The St. Helena Farmers Market operates every Friday from 8 a.m. - 1 p.m. at the corner of Highway 10 and Highway 43 in Greensburg, La. The market briefly closed due to concerns about COVID-19, but has since reopened with increased safety measures including a handwashing station and customer guidelines which help provide a safe shopping environment for the customers and vendors.



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Small Business owners invited to SU Ag Center, SBA webinar on PPE & EIDL Programs


Event Flyer

Baton Rouge, La. –  The Southern University Ag Center has partnered with the U.S. Small Business Administration to host a webinar for small business owners to discuss the Paycheck Protection Program (PPP) and the Economic Injury Disaster Loan (EIDL) Program.


The virtual event, which will be held at 6 p.m. on January 26, will provide participants with information on the PPP application process, participating lenders, requirements for the first and second draw applicants, and covered periods and loan terms.


Participants will also receive information on the EIDL Program’s application period, businesses who are eligible for an EIDL advance, information on how to request reconsideration for the program, as well as information on how to address credit issues.


To register for the webinar, visit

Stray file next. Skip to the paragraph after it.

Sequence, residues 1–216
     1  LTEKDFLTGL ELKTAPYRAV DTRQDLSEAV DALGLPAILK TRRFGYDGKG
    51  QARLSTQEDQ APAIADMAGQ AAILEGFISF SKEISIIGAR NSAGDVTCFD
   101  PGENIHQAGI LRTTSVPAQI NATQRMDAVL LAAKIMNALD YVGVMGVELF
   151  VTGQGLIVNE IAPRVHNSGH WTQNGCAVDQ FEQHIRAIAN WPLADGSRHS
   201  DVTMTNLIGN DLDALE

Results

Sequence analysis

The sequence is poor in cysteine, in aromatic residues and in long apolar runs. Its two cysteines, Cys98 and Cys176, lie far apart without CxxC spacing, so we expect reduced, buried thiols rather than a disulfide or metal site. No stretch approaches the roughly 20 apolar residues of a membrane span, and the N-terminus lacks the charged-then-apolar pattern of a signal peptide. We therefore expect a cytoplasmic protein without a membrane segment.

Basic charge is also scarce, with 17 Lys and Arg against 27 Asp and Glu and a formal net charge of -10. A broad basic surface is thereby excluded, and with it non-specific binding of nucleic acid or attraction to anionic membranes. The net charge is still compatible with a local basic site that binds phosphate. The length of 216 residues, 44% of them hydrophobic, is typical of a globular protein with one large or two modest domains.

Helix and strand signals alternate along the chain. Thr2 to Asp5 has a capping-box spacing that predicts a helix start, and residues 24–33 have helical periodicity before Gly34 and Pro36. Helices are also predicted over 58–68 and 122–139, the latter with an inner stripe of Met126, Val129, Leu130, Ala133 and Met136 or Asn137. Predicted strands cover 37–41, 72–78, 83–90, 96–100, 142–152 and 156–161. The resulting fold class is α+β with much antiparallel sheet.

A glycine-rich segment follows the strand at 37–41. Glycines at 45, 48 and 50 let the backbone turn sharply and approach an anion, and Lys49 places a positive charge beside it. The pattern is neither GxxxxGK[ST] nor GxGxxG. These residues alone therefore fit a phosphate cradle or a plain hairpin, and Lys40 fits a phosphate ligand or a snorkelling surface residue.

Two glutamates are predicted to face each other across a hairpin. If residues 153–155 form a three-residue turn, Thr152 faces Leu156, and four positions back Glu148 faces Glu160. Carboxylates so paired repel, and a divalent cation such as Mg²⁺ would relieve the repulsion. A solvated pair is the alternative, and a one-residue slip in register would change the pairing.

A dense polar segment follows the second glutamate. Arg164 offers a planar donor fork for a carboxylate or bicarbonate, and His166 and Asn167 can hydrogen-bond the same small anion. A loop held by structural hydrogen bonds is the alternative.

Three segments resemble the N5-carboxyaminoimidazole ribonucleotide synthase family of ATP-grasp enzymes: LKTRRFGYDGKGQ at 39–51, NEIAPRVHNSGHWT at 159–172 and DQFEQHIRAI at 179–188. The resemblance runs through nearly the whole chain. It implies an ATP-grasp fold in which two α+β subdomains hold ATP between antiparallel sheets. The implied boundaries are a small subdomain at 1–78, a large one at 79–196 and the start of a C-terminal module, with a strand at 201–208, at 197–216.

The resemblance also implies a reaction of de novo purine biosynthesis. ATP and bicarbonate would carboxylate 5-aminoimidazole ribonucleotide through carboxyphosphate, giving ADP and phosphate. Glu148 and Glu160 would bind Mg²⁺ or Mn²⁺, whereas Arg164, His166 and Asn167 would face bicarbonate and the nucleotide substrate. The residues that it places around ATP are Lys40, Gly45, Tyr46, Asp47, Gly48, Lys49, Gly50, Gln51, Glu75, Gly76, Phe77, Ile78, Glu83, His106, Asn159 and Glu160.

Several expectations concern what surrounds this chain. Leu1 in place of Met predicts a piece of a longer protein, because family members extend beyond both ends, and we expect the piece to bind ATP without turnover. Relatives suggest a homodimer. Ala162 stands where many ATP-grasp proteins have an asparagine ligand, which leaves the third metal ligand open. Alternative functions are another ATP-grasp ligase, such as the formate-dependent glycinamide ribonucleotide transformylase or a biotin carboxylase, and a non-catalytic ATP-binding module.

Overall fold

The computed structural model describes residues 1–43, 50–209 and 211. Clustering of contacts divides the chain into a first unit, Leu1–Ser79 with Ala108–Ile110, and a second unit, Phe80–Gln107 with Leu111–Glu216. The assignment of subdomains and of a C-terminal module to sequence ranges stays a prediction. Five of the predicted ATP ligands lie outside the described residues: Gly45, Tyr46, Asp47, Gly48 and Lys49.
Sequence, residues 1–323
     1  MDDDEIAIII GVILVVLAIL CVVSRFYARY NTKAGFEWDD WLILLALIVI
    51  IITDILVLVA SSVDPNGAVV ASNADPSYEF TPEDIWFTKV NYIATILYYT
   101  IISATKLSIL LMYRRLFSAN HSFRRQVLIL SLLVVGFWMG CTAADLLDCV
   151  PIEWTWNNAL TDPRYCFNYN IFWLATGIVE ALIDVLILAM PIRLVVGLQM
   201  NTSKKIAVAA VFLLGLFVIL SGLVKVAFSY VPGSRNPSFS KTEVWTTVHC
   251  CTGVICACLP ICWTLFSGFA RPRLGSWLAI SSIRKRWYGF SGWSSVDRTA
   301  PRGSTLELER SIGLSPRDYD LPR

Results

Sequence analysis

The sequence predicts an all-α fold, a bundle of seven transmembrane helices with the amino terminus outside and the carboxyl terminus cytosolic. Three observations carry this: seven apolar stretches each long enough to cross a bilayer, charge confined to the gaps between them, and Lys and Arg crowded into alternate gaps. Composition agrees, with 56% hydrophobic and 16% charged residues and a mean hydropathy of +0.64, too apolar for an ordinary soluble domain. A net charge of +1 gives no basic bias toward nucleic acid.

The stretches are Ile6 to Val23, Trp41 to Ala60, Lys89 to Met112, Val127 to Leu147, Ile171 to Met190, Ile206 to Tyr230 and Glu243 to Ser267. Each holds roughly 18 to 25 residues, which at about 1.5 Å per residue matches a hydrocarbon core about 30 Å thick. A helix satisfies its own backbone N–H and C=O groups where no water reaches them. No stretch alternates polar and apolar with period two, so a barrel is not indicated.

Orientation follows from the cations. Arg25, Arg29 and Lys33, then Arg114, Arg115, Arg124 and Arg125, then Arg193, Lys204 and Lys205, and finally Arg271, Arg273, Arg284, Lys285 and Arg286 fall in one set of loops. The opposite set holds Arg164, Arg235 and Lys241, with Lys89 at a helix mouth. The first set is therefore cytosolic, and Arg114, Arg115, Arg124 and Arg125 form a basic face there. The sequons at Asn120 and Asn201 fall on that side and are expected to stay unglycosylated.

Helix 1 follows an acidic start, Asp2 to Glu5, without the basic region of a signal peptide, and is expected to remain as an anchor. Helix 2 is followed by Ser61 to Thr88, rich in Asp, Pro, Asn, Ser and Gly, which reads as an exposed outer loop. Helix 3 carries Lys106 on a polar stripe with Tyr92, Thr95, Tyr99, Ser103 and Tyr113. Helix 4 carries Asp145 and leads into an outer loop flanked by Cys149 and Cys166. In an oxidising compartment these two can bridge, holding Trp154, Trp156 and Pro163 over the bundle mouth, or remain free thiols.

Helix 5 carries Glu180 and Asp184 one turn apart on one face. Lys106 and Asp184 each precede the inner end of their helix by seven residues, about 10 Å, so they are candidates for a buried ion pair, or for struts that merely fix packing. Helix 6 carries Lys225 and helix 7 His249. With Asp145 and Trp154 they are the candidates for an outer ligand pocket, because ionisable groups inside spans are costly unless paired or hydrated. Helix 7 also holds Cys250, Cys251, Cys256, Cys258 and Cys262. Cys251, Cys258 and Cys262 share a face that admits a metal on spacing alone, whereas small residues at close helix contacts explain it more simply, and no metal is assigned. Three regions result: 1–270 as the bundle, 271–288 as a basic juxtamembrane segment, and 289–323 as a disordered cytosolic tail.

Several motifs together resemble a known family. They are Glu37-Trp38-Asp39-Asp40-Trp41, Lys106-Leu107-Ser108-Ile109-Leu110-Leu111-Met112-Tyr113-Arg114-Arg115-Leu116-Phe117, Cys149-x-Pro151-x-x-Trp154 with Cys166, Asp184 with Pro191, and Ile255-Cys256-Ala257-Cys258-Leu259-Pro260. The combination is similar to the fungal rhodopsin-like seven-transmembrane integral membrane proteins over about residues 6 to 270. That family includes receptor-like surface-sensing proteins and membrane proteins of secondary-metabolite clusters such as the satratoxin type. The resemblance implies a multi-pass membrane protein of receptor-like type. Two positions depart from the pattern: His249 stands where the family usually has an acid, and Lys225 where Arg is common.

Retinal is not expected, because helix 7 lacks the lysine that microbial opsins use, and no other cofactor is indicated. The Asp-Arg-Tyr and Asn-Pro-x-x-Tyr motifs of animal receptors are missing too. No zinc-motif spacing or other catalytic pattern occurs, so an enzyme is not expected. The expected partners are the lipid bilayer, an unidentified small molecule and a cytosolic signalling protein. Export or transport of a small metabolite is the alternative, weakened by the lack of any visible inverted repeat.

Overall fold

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Monday, January 4

Members of Congress Deliver Record Levels of Support for the 1890 Historically Black Land Grant Universities during the 116th Congress

Bipartisan HBCU Caucus helps champion Land-Grant Investments in Students and Research

Washington, D.C. – The 1890 Universities Foundation, representing the 19 Historically Black Land Grant Universities, extends its appreciation to the members of the 116th Congress for their continued advocacy on behalf of our 1890 Land Grant Universities. The FY 2021 Appropriations bill supported initiatives that will help our universities respond to many of the pressing challenges confronting the communities we serve. 

Of specific significance to the 1890 community are increases in funding for: Education Grants to 1890 Universities; 1890 Extension programs, Evans-Allen Research, Facilities Improvements, 1890 Centers of Excellence and Scholarship Programs. Also of note is the HBCU Capital Finance Debt Relief bill (HR 7380), which will provide $1.3 billion in Capital Finance Debt Relief for our universities. 

“We especially want to thank U.S. Representatives Alma Adams (D-NC), Sanford Bishop (D-GA), David Scott (D-GA), Jeff Fortenberry (R-NE) and Senators Sherrod Brown (D-OH), Doug Jones (DAL), Richard Shelby (R-AL), and Jeff Merkley (D-OR) for their unwavering support and for leading the way to enable these increases in all of our 1890 Land Grant programs. In addition, we thank the Members of Congress who continue to recognize the significant impact of COVID-19 on our students, our research, our facilities and our cooperative extension programs, said Dr. Mort Neufville, President & CEO of the Foundation. 

“Our Universities will continue to face tremendous challenges and opportunities as we rebound from the pandemic and it is important that our recovery efforts also enable us to be better prepared for all future disasters. Again, on behalf of the 1890 community, we thank the Members of Congress for their support during these unprecedented and challenging times. We look forward to continuing our engagement with our elected leaders during the FY 2022 appropriations process,” concluded Dr. Neufville. 

This press release was written by Paul Brathwaite. For more information on the 1890 Universities Foundation visit: